Prep; I usually prepare a dictation activity based on a passage in the book.  I usually either French dictation or reverse dictation, and my kids really enjoy both. This doesn’t take long, and I print each child a copy ready for the lesson. Also, have some treats ready; fruit, cupcakes, hot chocolate…anything goes! Continue on with the book during read-aloud.

We usually like to have our weekly Poetry tea time around lunch on day three, hence the snacks.  Contrary to what social media projects, poetry tea time can be simple yet wonderful.  Some treats, poetry books and perhaps a lit candle is all you need.  We will be introducing some Arabic poetry too, I’m currently scouting for books!


In the afternoon we complete the dictation activity, which doesn’t take long.  Kiddos are rewarded for what they get right, it’s a great confidence-building activity which kids tend to enjoy as it brings variation.


Day Four
Prep; this is dependent on the writing project and varies.  It’s worth looking into this the week before, so you can get any supplies you may need. Continue on with the book during read aloud.

This is the day we spend on our writing project; which is laid out in the Partnership Writing guide.  There are ten projects in the guide and you can take as little or as long on the projects as you like, though the guide gives you a weekly schedule to follow.

Here is an example of one of the Writing Projects we completed last month, where the kiddos designed their own continent.



These projects are really fun, and because other subjects like Science, History and Geography as well as Arts and Crafts are integrated it sometimes doesn’t even feel like a Language Arts lesson; in a good way! 

Day Five
Prep; None except for reading aloud the assigned book!

Day five is our least intense homeschool day.  For our Brave Writer segment, this is our free writing day.  Since this is Thursday for us, we call this our Thursday free-write session! The basic idea is to set a timer, and the rule is two write continuously until the timer stops, yes Mom should be writing too!  Most of the time, the kids can write about anything they like, but every now and again we write about the assigned book.  Afterwards, everyone puts their free writes in an envelope and after a few weeks of free writing selects a piece to edit.  This really captures the essence of Brave Writer for me, as the process of shaping a piece of writing together with your child is not only effective, it’s enjoyable and a great bonding experience.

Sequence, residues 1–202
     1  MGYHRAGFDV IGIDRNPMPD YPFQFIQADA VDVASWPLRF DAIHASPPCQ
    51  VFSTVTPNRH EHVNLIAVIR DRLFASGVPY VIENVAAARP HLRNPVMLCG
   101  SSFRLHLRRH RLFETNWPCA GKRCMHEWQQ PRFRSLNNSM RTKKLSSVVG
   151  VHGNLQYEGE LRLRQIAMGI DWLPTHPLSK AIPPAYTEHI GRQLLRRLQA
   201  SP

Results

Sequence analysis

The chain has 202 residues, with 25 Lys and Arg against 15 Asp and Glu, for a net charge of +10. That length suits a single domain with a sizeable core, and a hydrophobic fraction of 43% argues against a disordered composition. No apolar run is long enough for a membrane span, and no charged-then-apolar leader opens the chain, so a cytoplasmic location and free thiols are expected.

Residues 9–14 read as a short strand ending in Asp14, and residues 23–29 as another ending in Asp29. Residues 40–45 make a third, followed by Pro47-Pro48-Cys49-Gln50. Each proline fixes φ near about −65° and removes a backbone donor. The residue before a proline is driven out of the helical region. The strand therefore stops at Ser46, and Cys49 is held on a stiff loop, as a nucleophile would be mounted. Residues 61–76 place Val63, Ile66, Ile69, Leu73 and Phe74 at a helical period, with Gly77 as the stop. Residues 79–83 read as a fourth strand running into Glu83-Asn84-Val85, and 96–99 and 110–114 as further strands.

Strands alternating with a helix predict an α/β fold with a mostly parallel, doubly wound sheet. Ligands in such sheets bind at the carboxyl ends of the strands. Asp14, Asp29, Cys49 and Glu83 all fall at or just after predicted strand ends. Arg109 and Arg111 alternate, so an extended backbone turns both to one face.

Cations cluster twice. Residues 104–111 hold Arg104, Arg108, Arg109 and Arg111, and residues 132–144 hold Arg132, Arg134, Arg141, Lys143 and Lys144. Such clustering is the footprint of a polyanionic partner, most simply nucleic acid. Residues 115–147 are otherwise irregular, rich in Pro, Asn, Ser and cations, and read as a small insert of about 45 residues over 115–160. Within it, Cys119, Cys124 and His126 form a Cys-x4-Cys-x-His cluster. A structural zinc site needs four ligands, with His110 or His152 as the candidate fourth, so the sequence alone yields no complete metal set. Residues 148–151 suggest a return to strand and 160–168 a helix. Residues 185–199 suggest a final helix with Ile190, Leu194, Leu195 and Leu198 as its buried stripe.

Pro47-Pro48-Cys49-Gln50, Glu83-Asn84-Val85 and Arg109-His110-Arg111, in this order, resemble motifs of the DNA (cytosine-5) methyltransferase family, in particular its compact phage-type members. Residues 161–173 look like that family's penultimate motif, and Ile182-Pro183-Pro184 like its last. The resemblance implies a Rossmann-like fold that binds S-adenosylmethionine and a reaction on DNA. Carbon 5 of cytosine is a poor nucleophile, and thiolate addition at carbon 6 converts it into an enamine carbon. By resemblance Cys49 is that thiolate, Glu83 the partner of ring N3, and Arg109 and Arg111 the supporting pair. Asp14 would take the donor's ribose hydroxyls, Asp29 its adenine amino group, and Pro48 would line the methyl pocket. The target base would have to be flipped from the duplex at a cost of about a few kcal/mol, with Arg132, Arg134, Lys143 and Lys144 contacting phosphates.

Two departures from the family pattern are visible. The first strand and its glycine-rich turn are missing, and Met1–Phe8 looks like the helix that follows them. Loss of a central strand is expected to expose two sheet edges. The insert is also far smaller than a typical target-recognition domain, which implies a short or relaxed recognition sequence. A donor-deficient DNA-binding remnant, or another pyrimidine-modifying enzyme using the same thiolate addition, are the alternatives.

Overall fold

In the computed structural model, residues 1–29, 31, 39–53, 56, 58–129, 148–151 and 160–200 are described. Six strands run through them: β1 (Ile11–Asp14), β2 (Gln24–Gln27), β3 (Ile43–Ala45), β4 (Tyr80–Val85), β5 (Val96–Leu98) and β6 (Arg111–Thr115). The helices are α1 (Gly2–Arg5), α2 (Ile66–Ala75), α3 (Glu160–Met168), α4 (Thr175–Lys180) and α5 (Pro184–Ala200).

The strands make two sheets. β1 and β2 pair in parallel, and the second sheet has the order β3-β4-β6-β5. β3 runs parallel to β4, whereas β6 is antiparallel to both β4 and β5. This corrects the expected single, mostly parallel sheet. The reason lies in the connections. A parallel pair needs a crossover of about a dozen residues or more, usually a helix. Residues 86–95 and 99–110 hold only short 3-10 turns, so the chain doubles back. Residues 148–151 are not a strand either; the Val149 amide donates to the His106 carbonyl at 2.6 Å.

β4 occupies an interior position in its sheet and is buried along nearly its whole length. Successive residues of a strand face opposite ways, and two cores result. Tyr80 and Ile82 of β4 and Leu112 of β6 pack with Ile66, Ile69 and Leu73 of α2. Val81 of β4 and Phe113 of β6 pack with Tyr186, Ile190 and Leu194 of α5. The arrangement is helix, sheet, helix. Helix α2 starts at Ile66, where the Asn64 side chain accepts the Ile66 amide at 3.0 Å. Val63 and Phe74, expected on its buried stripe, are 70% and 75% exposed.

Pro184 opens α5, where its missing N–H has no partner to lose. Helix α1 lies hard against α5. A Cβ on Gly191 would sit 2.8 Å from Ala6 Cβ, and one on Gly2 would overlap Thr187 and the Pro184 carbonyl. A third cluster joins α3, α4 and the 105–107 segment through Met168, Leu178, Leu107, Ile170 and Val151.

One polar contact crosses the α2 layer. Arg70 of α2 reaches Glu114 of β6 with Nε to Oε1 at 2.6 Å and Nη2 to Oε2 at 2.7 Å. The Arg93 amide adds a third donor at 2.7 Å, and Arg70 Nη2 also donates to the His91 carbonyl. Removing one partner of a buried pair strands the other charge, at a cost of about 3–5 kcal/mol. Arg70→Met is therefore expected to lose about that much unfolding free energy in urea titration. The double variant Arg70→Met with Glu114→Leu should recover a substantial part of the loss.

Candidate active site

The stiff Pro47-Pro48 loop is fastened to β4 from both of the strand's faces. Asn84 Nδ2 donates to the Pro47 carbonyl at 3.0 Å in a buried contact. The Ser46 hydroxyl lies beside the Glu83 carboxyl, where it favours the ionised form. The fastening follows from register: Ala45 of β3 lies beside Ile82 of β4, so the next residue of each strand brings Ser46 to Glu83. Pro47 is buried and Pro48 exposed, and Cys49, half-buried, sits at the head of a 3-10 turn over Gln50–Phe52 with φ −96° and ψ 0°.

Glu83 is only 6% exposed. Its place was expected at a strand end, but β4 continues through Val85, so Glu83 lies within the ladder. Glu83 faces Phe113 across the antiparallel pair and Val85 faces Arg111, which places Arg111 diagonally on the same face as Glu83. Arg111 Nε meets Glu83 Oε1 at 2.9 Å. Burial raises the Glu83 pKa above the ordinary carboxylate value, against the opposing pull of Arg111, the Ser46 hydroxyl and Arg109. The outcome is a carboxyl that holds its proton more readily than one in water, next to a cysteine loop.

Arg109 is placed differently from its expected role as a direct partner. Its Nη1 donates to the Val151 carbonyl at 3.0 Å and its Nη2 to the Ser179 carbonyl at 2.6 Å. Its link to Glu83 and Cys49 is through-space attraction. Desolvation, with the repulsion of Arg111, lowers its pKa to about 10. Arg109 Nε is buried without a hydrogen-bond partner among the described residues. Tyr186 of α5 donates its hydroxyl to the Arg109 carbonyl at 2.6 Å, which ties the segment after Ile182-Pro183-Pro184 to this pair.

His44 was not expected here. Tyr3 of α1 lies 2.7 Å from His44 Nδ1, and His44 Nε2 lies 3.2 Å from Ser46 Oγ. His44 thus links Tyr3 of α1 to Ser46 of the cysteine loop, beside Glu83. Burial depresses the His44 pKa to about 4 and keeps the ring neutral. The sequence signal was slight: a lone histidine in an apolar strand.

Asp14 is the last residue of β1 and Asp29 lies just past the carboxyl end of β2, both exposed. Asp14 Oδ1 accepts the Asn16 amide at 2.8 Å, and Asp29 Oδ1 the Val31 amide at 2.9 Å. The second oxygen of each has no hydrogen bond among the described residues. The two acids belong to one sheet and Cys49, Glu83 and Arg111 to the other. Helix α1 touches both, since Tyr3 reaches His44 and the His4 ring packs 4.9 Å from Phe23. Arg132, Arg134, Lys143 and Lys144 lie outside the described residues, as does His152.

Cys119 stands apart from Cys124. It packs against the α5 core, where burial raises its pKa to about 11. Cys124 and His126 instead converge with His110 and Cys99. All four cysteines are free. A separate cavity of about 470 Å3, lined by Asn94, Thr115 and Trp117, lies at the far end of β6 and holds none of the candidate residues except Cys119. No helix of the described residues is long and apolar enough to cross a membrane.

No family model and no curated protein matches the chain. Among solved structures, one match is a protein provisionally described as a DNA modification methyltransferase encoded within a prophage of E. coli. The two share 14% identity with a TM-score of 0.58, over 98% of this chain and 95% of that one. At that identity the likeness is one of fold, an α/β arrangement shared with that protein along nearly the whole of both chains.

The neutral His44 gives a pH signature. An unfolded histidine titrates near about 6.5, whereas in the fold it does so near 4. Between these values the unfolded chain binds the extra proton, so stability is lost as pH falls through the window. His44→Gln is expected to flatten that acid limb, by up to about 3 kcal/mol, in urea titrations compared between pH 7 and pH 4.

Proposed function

This is also our Nature journalling day where we take our Nature journals with us in the afternoon and draw, write and reflect.  

And that’s a wrap!  That is usually how a typical Brave Writer week looks for us.  It’s worth mentioning here that like all curriculum, it’s important to adapt them to our own needs, first and foremost ensuring they don’t go against Islamic principles.  Hence I select the books that I feel are appropriate.  I also don’t incorporate the Music component, instead, we focus on Nature, Art and reading elements.

For more information, see the Brave Writer website.  And feel free to leave a comment or question below or via Instagram.